Some Considerations of Macroscopic Typing of the Gastric Carcinoma Kyoichi Nakamura 1 1Department of Pathology, The University of Tsukuba, School of Medicine pp.841-850
Published Date 1986/8/25
DOI https://doi.org/10.11477/mf.1403110263
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 According to the rule of macroscopic classification, gastric carcinomas are divided first by infiltrative depth in the gastric wall into two categories, early and advanced. Then, these are further divided into several types. This classification is based on the condition of gastric carcinoma like infiltrative depth, not on the macroscopic findings only. Application of the classification to gastric carcinomas is done in accordance with the law of similarity, independently of the infiltrative depth and size of the carcinomas. For example, Type Ⅰ of the early carcinoma and Borrmann type 1 of the advanced carcinoma are morphologically similar. The same can be said for Type Ⅱc+Ⅱa and Borrmann type 2. Meanwhile, there are cases of the advanced carcinomas macroscopically showing types of the early ones, and vice versa. Based on the aforementioned, it is necessary to rule out the infiltrative depth from the macroscopic classification. Macroscopic configuration of the gastric carcinomas are closely related to the field of cancer-development, histological type and mode of growth. These three factors are related to each other constituting the socalled “triangle for detecting macroscopic types of the gastric carcinomas”. Gastric carcinomas are classified dichotomously for each factor, i.e., fundic gland mucosal area without intestinal metaplasia or the other for the field of cancer-development, undifferentiated (gastric type) or differentiated (intestinal type) for the histological type, and diffuse or circumscribed for the mode of growth. From the view-point of the triangle, the macroscopic typing of the early gastric carcinoma currently done may be practically applied to advanced carcinomas. Further, staging of the primary lesion of the gastric carcinoma has to be described by the three factors, macroscopic type, infiltrative depth and size of the carcinoma so as to determine staging of cancer extension in patients with carcinoma.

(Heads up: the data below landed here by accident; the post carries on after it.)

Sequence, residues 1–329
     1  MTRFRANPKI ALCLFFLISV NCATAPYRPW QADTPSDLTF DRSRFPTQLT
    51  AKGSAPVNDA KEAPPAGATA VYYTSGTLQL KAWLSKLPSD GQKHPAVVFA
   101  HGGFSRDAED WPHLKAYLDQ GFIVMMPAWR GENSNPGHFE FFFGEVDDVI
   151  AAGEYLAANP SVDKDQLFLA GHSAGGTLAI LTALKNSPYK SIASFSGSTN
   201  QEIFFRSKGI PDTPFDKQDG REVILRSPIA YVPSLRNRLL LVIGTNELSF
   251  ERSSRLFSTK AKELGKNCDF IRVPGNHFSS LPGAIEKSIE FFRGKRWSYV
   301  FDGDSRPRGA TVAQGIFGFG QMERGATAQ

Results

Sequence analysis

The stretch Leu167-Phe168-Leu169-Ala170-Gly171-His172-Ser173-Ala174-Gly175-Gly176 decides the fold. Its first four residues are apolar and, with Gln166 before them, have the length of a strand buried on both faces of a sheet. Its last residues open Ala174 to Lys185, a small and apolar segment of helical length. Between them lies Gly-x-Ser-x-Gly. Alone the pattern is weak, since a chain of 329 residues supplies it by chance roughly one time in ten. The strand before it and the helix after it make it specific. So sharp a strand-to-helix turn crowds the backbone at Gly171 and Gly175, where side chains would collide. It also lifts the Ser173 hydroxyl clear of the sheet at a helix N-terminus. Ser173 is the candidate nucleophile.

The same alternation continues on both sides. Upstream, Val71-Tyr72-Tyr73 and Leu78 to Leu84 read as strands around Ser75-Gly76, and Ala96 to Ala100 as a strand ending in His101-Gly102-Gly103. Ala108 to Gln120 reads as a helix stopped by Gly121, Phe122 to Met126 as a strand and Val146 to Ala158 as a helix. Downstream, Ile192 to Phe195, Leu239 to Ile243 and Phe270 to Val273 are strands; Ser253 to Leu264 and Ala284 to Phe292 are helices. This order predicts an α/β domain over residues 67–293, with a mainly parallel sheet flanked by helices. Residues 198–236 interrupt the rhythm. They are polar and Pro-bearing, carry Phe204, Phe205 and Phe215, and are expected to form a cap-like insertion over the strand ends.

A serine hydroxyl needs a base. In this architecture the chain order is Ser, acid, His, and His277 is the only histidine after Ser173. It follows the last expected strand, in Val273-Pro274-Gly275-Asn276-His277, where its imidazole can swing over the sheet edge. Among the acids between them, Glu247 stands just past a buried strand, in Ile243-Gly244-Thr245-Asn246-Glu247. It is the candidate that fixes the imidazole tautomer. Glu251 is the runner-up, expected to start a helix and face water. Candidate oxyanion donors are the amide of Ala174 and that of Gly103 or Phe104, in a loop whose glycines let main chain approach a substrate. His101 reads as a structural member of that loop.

Copyright © 1986, Igaku-Shoin Ltd. All rights reserved.


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